The film details the life-threatening illnesses that are attributed to the chemicals and the system that has left them with no alternative to a lifetime awaiting an early death. It is a fate that many have chosen to hasten rather than be a burden on their elderly parents.

It is an indictment of both the labor practices in China, and the blind eye that consumers turn as long as they can get the toys they want.

Hospitalized workers in China, injured by unprotected chemical usage.

Hospitalized workers in China, injured by unprotected chemical usage.

“Who Pays the Price” is scheduled to be released this fall and will be the topic of a number of magazine articles later this year, so you will hear more about it I’m sure.

Heather White, a former San Francisco resident, was in the Bay Area last week, hosting a screening of a shortened version, trying to raise funds to complete the project and a planned book.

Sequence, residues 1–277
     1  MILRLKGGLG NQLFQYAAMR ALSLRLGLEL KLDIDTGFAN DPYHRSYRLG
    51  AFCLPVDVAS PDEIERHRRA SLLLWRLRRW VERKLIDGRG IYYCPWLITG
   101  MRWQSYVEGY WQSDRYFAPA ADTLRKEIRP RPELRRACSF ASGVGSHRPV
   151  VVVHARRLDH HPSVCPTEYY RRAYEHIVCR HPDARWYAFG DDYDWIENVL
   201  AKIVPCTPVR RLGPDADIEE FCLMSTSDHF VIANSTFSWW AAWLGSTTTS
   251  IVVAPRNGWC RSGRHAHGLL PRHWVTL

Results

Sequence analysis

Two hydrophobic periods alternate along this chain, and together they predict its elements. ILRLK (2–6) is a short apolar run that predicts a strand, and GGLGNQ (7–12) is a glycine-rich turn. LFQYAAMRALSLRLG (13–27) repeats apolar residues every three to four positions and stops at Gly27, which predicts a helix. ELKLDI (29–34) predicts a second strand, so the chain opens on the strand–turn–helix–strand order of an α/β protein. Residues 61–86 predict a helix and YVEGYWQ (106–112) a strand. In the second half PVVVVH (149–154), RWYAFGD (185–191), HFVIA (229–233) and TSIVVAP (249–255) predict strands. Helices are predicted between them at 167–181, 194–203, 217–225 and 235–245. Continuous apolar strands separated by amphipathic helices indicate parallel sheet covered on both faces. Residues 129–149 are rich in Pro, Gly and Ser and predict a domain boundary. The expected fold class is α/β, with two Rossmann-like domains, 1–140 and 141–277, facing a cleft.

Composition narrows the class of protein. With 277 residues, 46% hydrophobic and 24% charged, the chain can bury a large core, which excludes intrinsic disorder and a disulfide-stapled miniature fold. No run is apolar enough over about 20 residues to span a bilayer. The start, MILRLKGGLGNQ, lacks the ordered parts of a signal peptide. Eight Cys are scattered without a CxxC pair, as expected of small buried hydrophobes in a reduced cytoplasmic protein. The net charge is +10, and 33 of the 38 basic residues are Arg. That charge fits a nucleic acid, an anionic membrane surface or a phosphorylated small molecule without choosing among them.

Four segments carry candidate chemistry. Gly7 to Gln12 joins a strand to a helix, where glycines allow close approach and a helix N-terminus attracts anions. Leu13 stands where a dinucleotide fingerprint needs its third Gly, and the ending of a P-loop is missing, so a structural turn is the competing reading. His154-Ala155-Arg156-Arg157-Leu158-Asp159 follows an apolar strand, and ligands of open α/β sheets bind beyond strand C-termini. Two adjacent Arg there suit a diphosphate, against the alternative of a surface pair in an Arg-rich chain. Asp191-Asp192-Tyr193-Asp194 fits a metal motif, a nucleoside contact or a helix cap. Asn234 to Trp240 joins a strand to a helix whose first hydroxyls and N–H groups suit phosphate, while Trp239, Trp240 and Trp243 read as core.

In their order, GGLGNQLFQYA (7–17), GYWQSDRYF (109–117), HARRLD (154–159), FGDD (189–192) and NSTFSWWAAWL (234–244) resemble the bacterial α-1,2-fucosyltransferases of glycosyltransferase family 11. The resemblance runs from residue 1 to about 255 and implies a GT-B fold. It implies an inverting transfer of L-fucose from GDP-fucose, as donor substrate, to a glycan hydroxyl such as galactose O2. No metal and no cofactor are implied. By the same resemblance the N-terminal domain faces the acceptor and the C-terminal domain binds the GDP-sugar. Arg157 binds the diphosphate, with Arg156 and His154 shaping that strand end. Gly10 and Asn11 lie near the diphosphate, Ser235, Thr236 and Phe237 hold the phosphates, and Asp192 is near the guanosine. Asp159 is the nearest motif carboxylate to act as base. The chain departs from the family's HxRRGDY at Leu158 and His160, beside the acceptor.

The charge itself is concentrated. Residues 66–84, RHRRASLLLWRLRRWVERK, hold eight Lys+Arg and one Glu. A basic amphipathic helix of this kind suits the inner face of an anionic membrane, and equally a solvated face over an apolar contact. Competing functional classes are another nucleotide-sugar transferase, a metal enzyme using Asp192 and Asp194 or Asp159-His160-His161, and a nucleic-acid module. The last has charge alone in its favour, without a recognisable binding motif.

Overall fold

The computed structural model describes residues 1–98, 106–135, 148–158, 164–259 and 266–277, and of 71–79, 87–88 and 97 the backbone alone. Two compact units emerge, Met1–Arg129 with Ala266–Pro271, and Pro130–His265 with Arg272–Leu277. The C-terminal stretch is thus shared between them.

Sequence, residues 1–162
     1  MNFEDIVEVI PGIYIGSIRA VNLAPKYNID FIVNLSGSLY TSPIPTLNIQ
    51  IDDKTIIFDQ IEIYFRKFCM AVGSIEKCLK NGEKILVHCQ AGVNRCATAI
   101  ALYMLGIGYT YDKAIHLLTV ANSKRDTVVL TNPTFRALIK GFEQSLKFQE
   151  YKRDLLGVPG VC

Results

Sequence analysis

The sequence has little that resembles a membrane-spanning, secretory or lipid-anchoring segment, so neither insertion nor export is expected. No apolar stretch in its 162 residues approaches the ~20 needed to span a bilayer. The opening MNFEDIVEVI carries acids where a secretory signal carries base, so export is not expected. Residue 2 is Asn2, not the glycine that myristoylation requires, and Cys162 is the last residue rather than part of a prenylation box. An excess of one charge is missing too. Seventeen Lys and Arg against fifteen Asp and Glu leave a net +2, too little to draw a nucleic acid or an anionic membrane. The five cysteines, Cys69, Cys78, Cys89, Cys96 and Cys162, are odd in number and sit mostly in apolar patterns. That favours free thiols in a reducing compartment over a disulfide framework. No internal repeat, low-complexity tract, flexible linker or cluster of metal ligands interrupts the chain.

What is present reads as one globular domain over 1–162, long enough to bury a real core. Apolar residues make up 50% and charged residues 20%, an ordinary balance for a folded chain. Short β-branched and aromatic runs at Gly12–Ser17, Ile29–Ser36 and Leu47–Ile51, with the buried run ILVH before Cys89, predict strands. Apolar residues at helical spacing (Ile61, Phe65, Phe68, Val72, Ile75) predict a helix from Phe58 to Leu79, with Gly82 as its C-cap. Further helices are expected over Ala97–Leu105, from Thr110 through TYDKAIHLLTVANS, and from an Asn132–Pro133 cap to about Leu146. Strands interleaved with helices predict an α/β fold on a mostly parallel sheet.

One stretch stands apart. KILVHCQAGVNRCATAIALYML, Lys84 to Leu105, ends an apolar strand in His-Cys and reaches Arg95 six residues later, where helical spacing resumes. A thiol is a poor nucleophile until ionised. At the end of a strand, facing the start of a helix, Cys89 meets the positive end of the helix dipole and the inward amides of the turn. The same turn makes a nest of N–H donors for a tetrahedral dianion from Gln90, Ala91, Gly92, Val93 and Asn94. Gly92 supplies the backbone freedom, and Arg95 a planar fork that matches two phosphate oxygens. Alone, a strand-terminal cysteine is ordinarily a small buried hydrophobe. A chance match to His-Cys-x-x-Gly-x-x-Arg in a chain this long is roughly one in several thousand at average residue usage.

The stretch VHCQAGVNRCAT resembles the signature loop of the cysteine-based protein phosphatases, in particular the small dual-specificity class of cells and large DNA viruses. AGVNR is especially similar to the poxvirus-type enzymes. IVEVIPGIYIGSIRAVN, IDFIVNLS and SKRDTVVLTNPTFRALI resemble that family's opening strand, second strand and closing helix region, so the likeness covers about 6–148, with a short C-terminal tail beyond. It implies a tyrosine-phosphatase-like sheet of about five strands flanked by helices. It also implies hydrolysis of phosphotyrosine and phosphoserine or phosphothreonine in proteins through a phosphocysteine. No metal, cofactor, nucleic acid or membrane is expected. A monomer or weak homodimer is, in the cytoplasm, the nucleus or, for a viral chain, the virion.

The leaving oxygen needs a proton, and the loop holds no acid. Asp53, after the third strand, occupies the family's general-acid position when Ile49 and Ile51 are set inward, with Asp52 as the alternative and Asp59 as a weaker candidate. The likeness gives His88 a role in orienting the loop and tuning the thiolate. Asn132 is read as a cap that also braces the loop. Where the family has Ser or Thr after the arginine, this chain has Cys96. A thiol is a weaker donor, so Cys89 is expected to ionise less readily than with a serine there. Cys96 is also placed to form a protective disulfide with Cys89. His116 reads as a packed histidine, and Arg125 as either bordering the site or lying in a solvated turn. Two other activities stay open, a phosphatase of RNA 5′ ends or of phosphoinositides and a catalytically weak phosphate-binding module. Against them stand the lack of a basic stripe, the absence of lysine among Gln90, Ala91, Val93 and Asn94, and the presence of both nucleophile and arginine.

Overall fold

Ms White, has long been a leader in fighting for the improvement of working conditions. She founded Verite, a well-known verification company which exposed and then worked to improve the plight of workers in textile firms making products for high-end brands around the world. She has now turned her attention to the electronics industry where labor laws and unverified supply chains have made enforcement of even rudimentary standards, almost impssible.

Her goal is not to tell people to discard their smartphones or tablets, but to make them aware of the working conditions that will continue unless some public pressure is brought to bear.

Companies such as Apple and Samsung are certainly aware of what’s going on, but a complex series of factors has made them hesitant to face up to the problems. It’s easier just to deny responsibility and hope to discredit any reports that interfere with their profits.

I urge you to take a look at the trailer on the website and make a contribution or contact Ms White for more information on how we can use our technology without killing the workers that manufacture it.